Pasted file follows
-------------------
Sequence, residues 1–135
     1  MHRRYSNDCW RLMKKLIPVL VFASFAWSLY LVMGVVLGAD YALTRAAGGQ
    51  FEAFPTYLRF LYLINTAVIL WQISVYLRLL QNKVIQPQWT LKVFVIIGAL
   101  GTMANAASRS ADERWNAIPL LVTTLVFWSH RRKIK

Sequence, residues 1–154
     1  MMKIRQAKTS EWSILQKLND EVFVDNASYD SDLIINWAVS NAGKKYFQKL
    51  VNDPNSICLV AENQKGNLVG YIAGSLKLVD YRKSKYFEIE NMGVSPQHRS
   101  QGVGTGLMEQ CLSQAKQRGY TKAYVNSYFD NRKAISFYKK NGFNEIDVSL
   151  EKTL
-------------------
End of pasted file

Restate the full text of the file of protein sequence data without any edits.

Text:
Sequence, residues 1–135
     1  MHRRYSNDCW RLMKKLIPVL VFASFAWSLY LVMGVVLGAD YALTRAAGGQ
    51  FEAFPTYLRF LYLINTAVIL WQISVYLRLL QNKVIQPQWT LKVFVIIGAL
   101  GTMANAASRS ADERWNAIPL LVTTLVFWSH RRKIK

Sequence, residues 1–154
     1  MMKIRQAKTS EWSILQKLND EVFVDNASYD SDLIINWAVS NAGKKYFQKL
    51  VNDPNSICLV AENQKGNLVG YIAGSLKLVD YRKSKYFEIE NMGVSPQHRS
   101  QGVGTGLMEQ CLSQAKQRGY TKAYVNSYFD NRKAISFYKK NGFNEIDVSL
   151  EKTL